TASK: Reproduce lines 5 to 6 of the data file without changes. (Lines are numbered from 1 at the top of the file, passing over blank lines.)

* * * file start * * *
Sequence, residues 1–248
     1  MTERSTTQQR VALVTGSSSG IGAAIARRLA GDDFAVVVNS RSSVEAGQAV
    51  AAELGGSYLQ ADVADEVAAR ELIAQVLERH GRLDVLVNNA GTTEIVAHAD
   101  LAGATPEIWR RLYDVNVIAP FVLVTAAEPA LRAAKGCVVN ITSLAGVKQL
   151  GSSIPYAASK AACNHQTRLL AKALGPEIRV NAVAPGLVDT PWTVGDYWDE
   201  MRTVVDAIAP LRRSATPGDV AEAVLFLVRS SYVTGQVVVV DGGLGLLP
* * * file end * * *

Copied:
   151  GSSIPYAASK AACNHQTRLL AKALGPEIRV NAVAPGLVDT PWTVGDYWDE
   201  MRTVVDAIAP LRRSATPGDV AEAVLFLVRS SYVTGQVVVV DGGLGLLP